March 1, 2010 § Leave a Comment
Has this ever happened to you? Because it’s happened to me a few times of late. I start to read a book, usually one that has won some award or another, or has come highly recommended by a friend or a reviewer, only to find myself slogging through, 50 odd pages in (sometimes only 30 pages in). I keep picking the book up, knowing I should be enjoying it, but I’m not. Then I find myself not reading for a few days, a serious no-no if you’re a writer, until finally I talk myself into putting the book aside. Guilt consumes me. I get over it (more quickly now). I go back to the bookshelf or the bookstore and select my next literary adventure.
Then, maybe four or six months or even a year later, the castaway reasserts itself. It falls off the nightstand, is unearthed from the pile on the floor, is mentioned on some best-of list, and my curiosity piqued. I pick the book up, usually dust it off, and begin again. This time I get caught up in the story, am moved by the language, and fall in love with the characters. I can hardly believe that I’m reading the same novel.
Books I fell in love with the second time around: The Kite Runner by Khaled Hosseini, The Book of Negroes (Someone Knows My Name ) by Lawrence Hill, The Sea by John Banville, Three Cups of Tea by Greg Mortens0n, and even Saturday by Ian McEwan (I am still flummoxed by that one).
Why did the book draw me in, enchant me, and move me the second time but not the first? Is there some chemistry that is required between the reader and that which is being read that was missing in original attempt? Since it’s the same book, the same words printed on the same pages, it would follow that during the fallow period it is the reader that changed in order to meet the reading of the story in a different way, to create the right chemistry. Maybe I’m over-analyzing this. But knowing that I almost missed the pleasure of reading all five the titles above, this has required some thought. Now I know that if there’s a book that I really do believe I should appreciate, but don’t, I put it aside and return to it at some point when it tugs at me, really tugs at me. At that point, whatever needed to change in me, must have changed.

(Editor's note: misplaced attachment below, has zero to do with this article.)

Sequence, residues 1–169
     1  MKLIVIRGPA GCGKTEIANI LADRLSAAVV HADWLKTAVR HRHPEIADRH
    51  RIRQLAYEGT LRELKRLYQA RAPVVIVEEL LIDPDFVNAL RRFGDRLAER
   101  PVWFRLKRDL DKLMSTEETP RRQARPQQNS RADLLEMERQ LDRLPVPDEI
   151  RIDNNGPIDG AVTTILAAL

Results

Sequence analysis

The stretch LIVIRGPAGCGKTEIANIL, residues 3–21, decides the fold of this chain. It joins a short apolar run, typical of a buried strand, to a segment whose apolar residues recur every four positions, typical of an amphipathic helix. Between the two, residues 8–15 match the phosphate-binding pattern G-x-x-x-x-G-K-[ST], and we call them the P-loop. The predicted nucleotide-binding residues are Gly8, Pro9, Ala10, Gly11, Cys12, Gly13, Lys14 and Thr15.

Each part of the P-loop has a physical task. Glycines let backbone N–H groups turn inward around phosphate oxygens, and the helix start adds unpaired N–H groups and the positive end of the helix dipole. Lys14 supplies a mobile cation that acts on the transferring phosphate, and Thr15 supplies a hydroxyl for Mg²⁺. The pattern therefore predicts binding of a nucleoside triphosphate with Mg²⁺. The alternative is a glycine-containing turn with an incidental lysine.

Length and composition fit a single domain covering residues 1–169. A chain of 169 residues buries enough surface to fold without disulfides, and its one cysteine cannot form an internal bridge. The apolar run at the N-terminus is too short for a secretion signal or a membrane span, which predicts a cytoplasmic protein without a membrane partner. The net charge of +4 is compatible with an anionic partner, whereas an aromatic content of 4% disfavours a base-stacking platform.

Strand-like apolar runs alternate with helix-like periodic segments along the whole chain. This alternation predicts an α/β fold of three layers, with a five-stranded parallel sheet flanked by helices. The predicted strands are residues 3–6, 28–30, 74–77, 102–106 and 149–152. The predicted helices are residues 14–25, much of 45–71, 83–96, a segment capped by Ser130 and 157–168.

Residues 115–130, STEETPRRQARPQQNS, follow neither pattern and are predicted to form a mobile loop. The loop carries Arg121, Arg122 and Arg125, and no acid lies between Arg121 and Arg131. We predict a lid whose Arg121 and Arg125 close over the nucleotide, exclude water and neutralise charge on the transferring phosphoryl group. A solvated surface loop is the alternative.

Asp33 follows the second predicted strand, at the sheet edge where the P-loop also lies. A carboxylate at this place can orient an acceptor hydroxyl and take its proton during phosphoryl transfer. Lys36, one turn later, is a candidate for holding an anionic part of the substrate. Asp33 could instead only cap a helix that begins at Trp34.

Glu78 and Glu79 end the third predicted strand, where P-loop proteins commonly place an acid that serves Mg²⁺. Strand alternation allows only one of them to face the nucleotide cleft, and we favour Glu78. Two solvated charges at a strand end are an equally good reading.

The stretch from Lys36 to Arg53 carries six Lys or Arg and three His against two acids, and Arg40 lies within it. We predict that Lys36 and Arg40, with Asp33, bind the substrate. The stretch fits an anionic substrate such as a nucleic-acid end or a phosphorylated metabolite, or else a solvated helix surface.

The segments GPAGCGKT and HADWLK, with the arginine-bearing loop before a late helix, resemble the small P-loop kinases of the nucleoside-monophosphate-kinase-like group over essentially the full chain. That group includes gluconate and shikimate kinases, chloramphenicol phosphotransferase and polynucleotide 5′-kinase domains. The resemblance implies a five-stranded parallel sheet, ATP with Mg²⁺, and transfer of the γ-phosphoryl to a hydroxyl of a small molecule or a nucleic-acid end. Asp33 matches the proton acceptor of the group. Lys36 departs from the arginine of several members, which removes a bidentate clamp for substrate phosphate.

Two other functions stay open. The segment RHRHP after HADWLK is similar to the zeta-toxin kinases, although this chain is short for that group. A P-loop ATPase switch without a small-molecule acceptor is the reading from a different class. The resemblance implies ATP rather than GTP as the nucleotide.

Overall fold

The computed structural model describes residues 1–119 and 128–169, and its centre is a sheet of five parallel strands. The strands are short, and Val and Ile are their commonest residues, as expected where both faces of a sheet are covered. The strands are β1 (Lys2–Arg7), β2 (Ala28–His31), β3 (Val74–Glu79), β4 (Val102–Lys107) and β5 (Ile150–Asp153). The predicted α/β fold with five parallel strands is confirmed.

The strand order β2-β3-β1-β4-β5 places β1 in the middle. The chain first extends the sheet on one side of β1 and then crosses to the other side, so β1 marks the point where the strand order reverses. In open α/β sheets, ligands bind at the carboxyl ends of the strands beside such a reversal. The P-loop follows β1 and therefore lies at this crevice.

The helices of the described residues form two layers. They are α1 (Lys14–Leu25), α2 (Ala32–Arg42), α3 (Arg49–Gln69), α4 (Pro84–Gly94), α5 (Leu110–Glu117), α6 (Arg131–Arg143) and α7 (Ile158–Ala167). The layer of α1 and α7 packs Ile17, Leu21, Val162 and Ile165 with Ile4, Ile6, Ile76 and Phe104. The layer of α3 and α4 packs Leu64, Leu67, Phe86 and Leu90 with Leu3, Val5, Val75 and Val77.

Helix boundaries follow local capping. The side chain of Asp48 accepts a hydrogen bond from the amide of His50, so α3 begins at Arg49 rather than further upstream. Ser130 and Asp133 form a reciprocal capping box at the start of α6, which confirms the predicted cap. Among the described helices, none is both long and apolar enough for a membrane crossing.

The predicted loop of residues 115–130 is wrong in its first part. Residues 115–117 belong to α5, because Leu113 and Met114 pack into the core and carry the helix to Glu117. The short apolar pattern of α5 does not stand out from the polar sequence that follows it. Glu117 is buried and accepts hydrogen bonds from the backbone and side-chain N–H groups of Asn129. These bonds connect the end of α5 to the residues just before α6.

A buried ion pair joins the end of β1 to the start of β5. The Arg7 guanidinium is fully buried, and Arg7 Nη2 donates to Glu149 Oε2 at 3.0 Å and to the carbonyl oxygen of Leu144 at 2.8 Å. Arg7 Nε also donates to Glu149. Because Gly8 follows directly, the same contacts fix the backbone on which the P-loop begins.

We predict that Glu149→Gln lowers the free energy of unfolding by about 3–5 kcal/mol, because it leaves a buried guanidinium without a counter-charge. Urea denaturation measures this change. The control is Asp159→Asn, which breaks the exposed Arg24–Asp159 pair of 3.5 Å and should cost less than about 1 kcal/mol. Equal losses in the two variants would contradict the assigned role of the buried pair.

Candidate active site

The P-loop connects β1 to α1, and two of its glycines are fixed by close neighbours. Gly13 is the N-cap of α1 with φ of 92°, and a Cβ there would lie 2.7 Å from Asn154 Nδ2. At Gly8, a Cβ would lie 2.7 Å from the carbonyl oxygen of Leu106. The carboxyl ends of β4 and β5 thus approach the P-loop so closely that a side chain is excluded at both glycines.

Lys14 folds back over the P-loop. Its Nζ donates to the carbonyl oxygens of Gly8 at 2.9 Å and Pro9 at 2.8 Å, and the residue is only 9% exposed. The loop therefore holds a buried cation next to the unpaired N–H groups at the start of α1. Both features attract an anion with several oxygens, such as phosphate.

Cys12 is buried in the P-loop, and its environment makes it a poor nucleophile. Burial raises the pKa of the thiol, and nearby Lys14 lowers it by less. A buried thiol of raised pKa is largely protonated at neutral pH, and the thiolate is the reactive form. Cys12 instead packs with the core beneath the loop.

So here’s my suggestion: if there’s a novel or fabulous non-fiction book that you’ve set aside and, after some period of time, you find yourself thinking about it, make a cup of tea, open the book to the first page, and read.
You never know what might happen the second time around.
February 12, 2010 § Leave a Comment
There is a saying in Italian, “Meglio spendere soldi dal macellaio che dal farmacista,” which means that it’s better to spend money at the butcher than the pharmacist. In other words, eat well.
The Italian saying is found on front flap of Douglas Gayeton’s fabulous book, Slow: Life in a Tuscan Town, published late last year. Which also happens to be when I came across it, browsing the bookstore as I have a tendency to do much too often. It’s large, and it stuck out from the shelf, or at least it stuck out to me. If you’ve read other posts on this blog you’ll know that’s probably not all that surprising given my love of food, and Italian food in particular (although I do have a French bistro fetish, but that is another post altogether).